PARLIAMENT HOUSE, Canberra:
Australia is in the midst of an ice epidemic. Every state and local government is affected, with the devastating effects of ice destroying young people and families across the country.
Unfortunately the Knox municipality, which coincides broadly with the boundaries of my electorate of Aston, is not immune. In fact Knox has become an ice hot spot, with drug offences skyrocketing over the last five years.
Australia wide the rate of ice use as the main form of drug among amphetamine users has doubled from 22 per cent in 2010 to 50 per cent now. Those using ice are doing it more frequently. The number of people using it at least monthly doubled from 12 per cent in 2010 to 25 per cent in 2013—around 90,000 Australians aged 14 and over. This is an epidemic which we must get on top of.
In the middle of July, I organised a local public forum on ice in Rowville and the Knox police, together with local social and health workers and the federal Minister for Justice, Michael Keenan, heard from over 140 concerned local residents about the effects of ice.
Many who attended were directly affected by the spread of ice through family members who are currently addicts or recovering addicts. Many others were parents concerned about what might happen to their young children if the spread of ice continues. The message from residents was clear: we must tackle this epidemic head-on.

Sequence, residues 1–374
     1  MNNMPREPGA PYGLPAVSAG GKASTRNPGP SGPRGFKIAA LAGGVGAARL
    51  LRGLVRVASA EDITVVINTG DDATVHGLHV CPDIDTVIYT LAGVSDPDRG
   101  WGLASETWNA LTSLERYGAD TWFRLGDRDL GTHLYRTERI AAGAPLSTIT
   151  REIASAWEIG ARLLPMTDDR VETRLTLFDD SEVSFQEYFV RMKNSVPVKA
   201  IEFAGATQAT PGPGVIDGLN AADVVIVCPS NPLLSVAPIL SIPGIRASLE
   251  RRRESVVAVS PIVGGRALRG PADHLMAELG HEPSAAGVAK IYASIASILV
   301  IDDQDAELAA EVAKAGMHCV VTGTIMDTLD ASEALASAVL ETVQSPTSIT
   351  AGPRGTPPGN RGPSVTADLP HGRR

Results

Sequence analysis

Locally, I am currently putting together the Aston Ice Report, which is designed to outline what Knox residents believe is the best course of action to tackle ice locally and nationally. This incorporates views from the public forum as well as from my Facebook page, emails and meetings that I have had.
Some of the key themes which are coming through include: firstly, focusing on early prevention, which involves better education, some hard-hitting public campaigns, similar to the anti-smoking campaigns, and aiming for cultural change around drug use; secondly, tackling both the supply and the demand side of ice through stronger penalties for users, manufacturers and suppliers, and boosting police services on the ground; and, thirdly, additional funding for rehabilitation services to help people get off drugs.
Nationally, as you would be aware, the government is taking a variety of steps to tackle ice. Just yesterday the Prime Minister announced $1 million to establish a national Dob in a Dealer campaign. We also announced a boost to the crime fighting capabilities of the Australian Crime Commission, with an additional $18 million funded from the proceeds of crime.
Last week the parliament passed legislation to crack down on middlemen and drug couriers bringing precursors into the country to make ice.
We all know ice is at epidemic levels in Victoria and in the nation and is increasingly a problem in our community.